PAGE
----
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Author Notes:

Corresponding Author: Dr. Mirko Paiardini, Division of Microbiology and Immunology, Yerkes National Primate Research Center, Department of Pathology & Laboratory Medicine, Emory University School of Medicine, 954 Gatewood Rd, Atlanta, GA 30329, mirko.paiardini@emory.edu Phone: 404-727-9840; Fax: 404-727-7768.

See publication for full list of author contributions.

We thank Stephanie Ehnert, Christopher Souder, Tracy Meeker, Kay Lee Summerville, Research Services, and all the animal care and veterinary staff at the Yerkes National Primate Research Center; Kiran Gill at the Emory University Flow Cytometry Core; and Thomas Vanderford, Benton Lawson, and Melon T. Nega at the Emory Center for AIDS Research (CFAR) Virology and Molecular Biomarkers Core.

We thank Nitasha Kumar for critical reading of the manuscript.

We also thank Cecily Midkiff of Tulane University, as well as Ann Mayne and Dawn Little of Emory University for technical assistance.

The SIVmac239 used to infect the RMs was kindly provided by Chris Miller. This work was supported by the NIAID, NIH under award numbers AI116379 and AI104278 (to M. Paiardini), ORIP/OD P51OD011132 (formerly NCRR P51RR000165, to the YNPRC), and P30AI50409 (to the Emory CFAR), as well as by amfAR 109109-57-RGRL (to M. Paiardini).

The content of this publication does not necessarily reflect the views or policies of the Department of Health and Human Services, nor does mention of trade names, commercial products, or organizations imply endorsement by the U.S. Government.

The authors have declared no conflict of interest exists.

Subjects:

Research Funding:

This work was supported by the NIAID, NIH under award numbers AI116379 and AI104278 (to M. Paiardini), ORIP/OD P51OD011132 (formerly NCRR P51RR000165, to the YNPRC), and P30AI50409 (to the Emory CFAR), as well as by amfAR 109109-57-RGRL (to M. Paiardini).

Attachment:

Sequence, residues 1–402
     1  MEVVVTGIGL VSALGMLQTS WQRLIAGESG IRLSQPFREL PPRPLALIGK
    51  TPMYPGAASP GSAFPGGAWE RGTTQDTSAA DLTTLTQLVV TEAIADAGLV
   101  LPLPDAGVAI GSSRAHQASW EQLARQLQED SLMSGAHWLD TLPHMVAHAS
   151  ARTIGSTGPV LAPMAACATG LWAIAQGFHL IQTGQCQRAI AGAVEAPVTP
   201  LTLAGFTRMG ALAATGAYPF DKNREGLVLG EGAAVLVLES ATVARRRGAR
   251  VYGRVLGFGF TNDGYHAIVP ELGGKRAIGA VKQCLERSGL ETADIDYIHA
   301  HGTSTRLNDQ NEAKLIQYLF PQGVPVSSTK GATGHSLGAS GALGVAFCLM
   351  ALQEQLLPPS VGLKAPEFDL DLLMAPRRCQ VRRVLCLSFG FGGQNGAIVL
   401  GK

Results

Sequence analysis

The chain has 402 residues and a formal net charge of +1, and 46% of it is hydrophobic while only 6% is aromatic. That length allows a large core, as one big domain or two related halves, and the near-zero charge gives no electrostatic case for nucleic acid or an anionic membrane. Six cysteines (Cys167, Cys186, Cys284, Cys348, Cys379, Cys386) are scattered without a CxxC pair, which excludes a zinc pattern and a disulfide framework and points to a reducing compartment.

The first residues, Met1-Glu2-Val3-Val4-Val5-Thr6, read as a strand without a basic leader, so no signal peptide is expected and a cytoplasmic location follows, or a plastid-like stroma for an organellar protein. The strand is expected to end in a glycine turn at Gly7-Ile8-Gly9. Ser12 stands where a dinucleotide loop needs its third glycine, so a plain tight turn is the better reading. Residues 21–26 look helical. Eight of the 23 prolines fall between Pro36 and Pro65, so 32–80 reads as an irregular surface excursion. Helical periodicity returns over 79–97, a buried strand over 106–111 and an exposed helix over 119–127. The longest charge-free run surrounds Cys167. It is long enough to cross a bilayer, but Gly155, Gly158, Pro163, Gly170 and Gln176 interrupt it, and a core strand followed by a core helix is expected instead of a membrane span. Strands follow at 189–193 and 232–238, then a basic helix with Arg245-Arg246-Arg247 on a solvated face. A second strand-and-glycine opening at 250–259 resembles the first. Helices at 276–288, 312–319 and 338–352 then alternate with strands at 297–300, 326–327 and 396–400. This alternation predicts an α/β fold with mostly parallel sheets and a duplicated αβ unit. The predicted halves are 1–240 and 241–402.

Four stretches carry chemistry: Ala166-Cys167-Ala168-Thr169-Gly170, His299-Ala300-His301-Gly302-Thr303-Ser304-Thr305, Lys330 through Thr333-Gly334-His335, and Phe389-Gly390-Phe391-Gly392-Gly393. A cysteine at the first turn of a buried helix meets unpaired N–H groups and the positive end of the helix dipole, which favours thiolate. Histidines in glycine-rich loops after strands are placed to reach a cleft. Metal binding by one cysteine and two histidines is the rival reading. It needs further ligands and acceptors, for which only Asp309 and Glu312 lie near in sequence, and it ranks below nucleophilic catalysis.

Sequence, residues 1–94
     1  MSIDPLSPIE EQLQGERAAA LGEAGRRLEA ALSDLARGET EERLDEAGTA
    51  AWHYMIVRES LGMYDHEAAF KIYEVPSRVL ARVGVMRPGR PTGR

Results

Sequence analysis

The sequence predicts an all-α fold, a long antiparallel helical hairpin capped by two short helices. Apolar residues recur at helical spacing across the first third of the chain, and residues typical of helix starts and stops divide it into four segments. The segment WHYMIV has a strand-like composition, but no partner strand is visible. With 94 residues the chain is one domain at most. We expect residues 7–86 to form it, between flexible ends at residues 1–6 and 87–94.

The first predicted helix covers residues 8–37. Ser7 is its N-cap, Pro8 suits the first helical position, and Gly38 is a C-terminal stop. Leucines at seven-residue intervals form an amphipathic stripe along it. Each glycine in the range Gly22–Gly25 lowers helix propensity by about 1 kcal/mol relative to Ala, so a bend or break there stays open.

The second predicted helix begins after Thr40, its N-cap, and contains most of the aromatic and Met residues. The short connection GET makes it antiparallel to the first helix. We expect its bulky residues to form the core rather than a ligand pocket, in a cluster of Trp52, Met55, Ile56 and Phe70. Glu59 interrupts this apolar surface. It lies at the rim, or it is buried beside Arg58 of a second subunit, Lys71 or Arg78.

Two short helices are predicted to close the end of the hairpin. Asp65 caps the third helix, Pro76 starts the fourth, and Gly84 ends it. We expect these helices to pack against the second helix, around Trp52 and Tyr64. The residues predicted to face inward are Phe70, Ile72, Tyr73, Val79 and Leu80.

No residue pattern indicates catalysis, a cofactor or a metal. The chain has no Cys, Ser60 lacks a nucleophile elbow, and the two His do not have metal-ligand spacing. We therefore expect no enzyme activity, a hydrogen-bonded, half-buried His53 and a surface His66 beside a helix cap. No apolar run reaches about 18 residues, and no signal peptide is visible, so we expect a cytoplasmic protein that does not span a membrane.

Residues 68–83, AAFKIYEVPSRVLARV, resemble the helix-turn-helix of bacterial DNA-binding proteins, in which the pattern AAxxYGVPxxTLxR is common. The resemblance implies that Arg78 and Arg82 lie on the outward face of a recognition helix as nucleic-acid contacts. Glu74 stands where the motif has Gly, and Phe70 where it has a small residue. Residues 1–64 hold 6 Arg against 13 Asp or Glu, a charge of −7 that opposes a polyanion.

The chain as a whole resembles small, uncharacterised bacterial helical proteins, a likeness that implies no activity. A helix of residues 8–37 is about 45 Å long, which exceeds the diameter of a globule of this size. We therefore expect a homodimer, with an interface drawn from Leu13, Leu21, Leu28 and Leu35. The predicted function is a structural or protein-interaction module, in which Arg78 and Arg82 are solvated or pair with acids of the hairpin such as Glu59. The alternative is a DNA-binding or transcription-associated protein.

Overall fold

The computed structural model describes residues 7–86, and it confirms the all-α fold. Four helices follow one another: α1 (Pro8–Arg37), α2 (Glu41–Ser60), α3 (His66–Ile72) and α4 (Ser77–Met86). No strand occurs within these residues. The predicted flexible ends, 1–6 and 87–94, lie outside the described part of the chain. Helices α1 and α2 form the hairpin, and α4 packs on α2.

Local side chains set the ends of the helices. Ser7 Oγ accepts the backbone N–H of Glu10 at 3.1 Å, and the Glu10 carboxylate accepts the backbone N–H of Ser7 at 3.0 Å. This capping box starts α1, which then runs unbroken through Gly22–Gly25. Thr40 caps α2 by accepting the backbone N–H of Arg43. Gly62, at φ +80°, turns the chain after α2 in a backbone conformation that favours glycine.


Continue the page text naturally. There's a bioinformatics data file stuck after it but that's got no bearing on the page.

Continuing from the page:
Keywords:

  • Science & Technology
  • Life Sciences & Biomedicine
  • Immunology
  • IMMUNODEFICIENCY-VIRUS-INFECTION
  • GROWTH-FACTOR-BETA
  • HUMAN TH17 CELLS
  • CHRONIC HIV-INFECTION
  • GASTROINTESTINAL-TRACT
  • MUCOSAL IMMUNITY
  • T(H)17 CELLS
  • DENDRITIC CELLS
  • EXPRESSION
  • DEPLETION

The loss of CCR6(+) and CD161(+) CD4(+) T-cell homeostasis contributes to disease progression in SIV-infected rhesus macaques

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Journal Title:

Mucosal Immunology

Volume:

Volume 10, Number 4

Publisher:

, Pages 1082-1096

Type of Work:

Article | Post-print: After Peer Review

Abstract:

Although previous studies have shown that CD4(+) T cells expressing CCR6 and CD161 are depleted from blood during HIV infection, the mechanisms underlying their loss remain unclear. In this study, we investigated how the homeostasis of CCR6(+) and CD161(+) CD4(+) T cells contributes to SIV disease progression and the mechanisms responsible for their loss from circulation. By comparing SIV infection in rhesus macaques (RMs) and natural host sooty mangabeys (SMs), we found that the loss of CCR6(+) and CD161(+) CD4(+) T cells from circulation is a distinguishing feature of progressive SIV infection in RMs. Furthermore, while viral infection critically contributes to the loss of CD161(+)CCR6(-)CD4(+) T cells, a redistribution of CCR6(+)CD161(-) and CCR6(+)CD161(+)CD4(+) T cells from the blood to the rectal mucosa is a chief mechanism for their loss during SIV infection. Finally, we provide evidence that the accumulation of CCR6(+)CD4(+) T cells in the mucosa is damaging to the host by demonstrating their reduction from this site following initiation of antiretroviral therapy in SIV-infected RMs and their lack of accumulation in SIV-infected SMs. These data emphasize the importance of maintaining CCR6(+) and CD161(+) CD4(+) T-cell homeostasis, particularly in the mucosa, to prevent disease progression during pathogenic HIV/SIV infection.

Copyright information:

Copyright © 2017, Rights Managed by Nature Publishing Group

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